The window to agree on an exit deal between Britain and the EU is closing.
The United Kingdom is due to leave the European Union on March 29, 2019, but because of the necessary ratification procedures of an agreement, the plan was to reach a deal by the EU summit starting October 18. Although this deadline has been extended to mid-November, there is still worry that no deal would be reached as the negotiating partners still have complex issues to agree on.
There are significant differences between potential Brexit scenarios: A “soft” Brexit would have a far less extensive economic impact than a “hard” Brexit. In the beginning of negotiations, the main question was whether the UK remains a member of the EU’s single market or not. In this soft Brexit scenario, the economic side effects on both the UK and European Union would be minimized. By maintaining access to the single market, the UK would continue to be obliged by the “four freedoms” (free movement of goods, services, capital and persons within the EU), EU standards and the European Court of Justice. In exchange, Britain would be able to enjoy economic benefits of trade and close economic cooperation with the EU.
However, as a non-EU member, the political implications of the withdrawal would mean that the UK no longer has a say in the political machinery of the block, including formal representation with decision-making power in EU institutions. In practice, this means no voting rights or influence over EU laws the UK would still have to abide by. Therefore, such high political costs, together with the maintenance of the free flow of people, makes the soft option less attractive despite the potential economic benefits. Some optimists keep the option for a soft Brexit open, but is it still a realistic scenario given the past two years of negotiations?
The supporters of a hard Brexit consider such costs from a soft Brexit too high, and they demand a clean break, including the withdrawal from the single market and the customs union. Therefore, a hard Brexit has not only been on the table as a viable option since the beginning of the referendum, but it was confirmed by leaders, including Prime Minister Theresa May herself, that the UK intends to leave the single market. If Britain withdraws from the single market, the economic costs are expected to be high, but could be somewhat softened by a potential transition period. Such a period would give additional time for the negotiating partners to not only reach agreement on key issues, but to work out deals on trade between the UK and members of the EU. There is disagreement on whether the transition period would help or not, given the rather slow pace of negotiations in the past years.
The European Union is the UK’s largest and most important trading partner. In 2017, the EU accounted for 43% of UK exports, or £274 billion ($360 billion) out of £616 billion ($811 billion) total. Therefore, if no deal is reached on post-Brexit trade relations, the EU’s economic losses would account for 0.7 % of its overall GDP, while costs for the UK would be significantly higher; over a 10-year period, 5% of the UK’s GDP would be reduced. Therefore, without the single market membership and under WTO rules, the export-import costs will significantly increase with additional layers of red tape, affecting not only manufacturers and traders, but the economy as a whole. Thus, there is a shock to prepare for if such a scenario becomes reality.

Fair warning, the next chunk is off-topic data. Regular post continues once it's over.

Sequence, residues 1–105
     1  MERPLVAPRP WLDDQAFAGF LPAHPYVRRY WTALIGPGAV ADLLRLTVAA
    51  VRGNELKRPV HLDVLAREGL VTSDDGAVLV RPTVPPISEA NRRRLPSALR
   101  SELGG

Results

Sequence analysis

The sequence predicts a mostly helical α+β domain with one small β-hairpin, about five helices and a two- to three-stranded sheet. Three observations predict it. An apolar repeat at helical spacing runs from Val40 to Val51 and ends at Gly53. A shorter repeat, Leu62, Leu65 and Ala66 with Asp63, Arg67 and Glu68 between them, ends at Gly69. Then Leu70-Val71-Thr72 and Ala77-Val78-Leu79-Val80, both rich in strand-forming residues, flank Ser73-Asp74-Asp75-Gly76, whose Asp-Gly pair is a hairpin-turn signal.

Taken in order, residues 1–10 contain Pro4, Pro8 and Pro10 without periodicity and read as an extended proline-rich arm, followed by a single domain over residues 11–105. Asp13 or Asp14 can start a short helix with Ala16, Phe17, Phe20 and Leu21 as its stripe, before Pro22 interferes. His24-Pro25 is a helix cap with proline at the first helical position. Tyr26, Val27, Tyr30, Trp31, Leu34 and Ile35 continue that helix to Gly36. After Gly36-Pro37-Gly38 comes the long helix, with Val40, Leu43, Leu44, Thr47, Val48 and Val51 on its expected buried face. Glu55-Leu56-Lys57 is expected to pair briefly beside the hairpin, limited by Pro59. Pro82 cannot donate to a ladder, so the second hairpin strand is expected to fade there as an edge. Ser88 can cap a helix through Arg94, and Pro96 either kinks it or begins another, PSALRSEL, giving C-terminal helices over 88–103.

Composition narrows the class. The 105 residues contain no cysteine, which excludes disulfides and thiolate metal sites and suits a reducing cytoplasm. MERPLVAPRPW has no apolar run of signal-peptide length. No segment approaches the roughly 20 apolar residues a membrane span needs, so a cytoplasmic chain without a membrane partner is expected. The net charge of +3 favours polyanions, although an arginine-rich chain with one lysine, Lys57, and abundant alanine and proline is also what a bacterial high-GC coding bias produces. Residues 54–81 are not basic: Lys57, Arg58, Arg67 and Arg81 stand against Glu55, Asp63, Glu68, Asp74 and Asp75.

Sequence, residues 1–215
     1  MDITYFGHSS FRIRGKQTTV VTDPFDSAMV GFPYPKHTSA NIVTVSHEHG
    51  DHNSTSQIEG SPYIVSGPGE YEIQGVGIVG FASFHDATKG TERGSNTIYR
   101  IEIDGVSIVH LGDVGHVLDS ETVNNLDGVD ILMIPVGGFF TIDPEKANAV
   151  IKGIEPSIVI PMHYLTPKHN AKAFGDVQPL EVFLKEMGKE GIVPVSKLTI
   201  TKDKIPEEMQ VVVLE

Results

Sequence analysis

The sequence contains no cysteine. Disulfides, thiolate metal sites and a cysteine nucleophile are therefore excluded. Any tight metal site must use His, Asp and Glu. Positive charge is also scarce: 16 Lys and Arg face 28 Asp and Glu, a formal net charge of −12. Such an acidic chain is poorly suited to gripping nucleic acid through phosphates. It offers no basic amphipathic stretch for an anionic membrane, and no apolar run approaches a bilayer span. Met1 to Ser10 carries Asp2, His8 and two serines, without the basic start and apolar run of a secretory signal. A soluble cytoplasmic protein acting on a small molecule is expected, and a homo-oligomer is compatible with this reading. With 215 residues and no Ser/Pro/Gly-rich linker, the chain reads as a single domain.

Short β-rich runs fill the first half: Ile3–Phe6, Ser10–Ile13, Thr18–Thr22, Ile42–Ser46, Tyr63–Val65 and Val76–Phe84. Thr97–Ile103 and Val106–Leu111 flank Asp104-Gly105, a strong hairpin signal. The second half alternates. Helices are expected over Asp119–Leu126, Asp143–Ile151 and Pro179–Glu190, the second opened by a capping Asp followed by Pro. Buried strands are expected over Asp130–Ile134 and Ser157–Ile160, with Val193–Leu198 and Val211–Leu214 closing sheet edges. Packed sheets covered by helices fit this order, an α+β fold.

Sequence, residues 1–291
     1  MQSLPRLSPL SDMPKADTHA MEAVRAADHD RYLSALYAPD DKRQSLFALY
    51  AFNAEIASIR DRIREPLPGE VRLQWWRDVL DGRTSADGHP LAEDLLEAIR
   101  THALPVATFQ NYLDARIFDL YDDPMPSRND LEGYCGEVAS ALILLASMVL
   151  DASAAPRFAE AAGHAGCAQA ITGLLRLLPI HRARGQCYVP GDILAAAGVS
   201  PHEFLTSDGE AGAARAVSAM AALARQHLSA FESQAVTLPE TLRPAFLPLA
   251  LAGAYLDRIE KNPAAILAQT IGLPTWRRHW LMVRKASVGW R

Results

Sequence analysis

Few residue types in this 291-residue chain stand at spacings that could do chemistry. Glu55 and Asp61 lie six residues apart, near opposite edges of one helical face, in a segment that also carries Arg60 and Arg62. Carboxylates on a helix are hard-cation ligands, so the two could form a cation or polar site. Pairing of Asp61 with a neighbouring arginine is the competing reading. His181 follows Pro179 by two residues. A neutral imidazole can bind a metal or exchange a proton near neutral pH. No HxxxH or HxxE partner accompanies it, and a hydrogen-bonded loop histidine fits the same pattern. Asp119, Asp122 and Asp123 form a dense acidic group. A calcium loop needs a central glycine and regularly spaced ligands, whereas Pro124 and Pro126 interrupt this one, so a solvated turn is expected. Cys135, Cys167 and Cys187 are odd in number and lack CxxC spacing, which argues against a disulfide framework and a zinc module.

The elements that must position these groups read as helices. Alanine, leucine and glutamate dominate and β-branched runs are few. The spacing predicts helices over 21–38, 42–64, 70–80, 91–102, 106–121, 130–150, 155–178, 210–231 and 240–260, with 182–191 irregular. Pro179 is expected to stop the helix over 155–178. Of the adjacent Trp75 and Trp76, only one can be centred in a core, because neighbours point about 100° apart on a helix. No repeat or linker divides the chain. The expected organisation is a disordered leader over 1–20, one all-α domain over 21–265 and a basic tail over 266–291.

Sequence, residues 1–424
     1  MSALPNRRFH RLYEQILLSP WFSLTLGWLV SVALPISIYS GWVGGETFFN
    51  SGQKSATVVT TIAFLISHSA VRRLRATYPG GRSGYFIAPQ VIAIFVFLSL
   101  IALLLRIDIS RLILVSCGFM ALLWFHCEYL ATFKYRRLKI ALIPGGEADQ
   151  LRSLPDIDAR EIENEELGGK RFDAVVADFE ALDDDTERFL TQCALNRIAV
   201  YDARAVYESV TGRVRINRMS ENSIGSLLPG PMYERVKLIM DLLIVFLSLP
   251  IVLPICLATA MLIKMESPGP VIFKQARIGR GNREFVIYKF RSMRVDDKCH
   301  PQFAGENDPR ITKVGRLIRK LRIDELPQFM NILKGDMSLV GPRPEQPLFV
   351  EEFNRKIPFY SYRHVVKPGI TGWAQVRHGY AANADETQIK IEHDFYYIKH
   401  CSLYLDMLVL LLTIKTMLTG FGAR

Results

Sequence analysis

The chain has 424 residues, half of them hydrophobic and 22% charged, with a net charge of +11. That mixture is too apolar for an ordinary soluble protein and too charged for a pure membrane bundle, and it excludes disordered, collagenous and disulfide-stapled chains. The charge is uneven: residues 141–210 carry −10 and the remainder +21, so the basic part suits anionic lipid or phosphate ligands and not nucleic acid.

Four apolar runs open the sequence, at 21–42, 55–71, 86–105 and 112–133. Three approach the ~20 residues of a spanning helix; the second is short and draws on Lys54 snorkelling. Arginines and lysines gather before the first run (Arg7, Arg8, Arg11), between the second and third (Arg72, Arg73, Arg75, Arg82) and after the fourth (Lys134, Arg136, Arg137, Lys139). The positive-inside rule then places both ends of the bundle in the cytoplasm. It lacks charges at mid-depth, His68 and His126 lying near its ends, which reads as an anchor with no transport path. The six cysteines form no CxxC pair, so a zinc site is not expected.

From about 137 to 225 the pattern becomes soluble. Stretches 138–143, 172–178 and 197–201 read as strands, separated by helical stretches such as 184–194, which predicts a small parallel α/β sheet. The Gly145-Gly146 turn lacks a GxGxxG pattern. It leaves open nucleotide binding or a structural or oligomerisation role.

The economic impacts do not only affect the trading of physical products, but also services — a sector on which the UK relies highly. As the single market’s largest provider of financial services, in 2014 alone the UK exported £20 billion worth of services to customers in the EU. Therefore, London, as the leading financial center of Europe, is at high risk. Without single market membership, financial services firms would lose their passporting rights. The passporting system enables such firms authorized in an EU or European Economic Area state to trade freely with each other. According to the Financial Conduct Authority, 5,500 UK companies rely on such rights, with a combined revenue of £9 billion. Thus, the loss would be significant.
What are financial services firms likely to do and how can they navigate such a high-risk situation? They can relocate or partially move branches, departments, services and even entire operations to the EU. The Financial Times estimates that about 4,600 banks would be relocated from London, while the accounting firm Ernst & Young estimates some 10,500 job relocations from the City of London on the first day of Brexit. Since the referendum, out of the 222 largest financial services firms with significant operations in the UK, 24% have confirmed at least one relocation destination, and 34% are considering or have already confirmed relocations to Europe, according to the EY Brexit Tracker. Firms including JP Morgan and Bank of America are among the major financial services providers that have already confirmed relocations of hundreds, and in many cases thousands, of jobs to an EU country. Relocation plans target for example, Dublin, Amsterdam, Paris, Berlin or Frankfurt.
While some are already preparing, others are still waiting to see what kind of deal will be reached. However, at this stage, the deadline is dangerously close. The fact is that the EU reacted negatively to British proposals at the recent EU meeting in Salzburg, labeling many as cherry-picking, while the UK has not provided a viable alternative acceptable to the EU yet. A no-deal scenario is becoming a real possibility with serious potential consequences.
*[GLOBSEC’s annual Tatra Summit, addressing social, economic and political challenges facing Europe, will take place on October 5-6, 2018.]
The views expressed in this article are the author’s own and do not necessarily reflect Fair Observer’s editorial policy.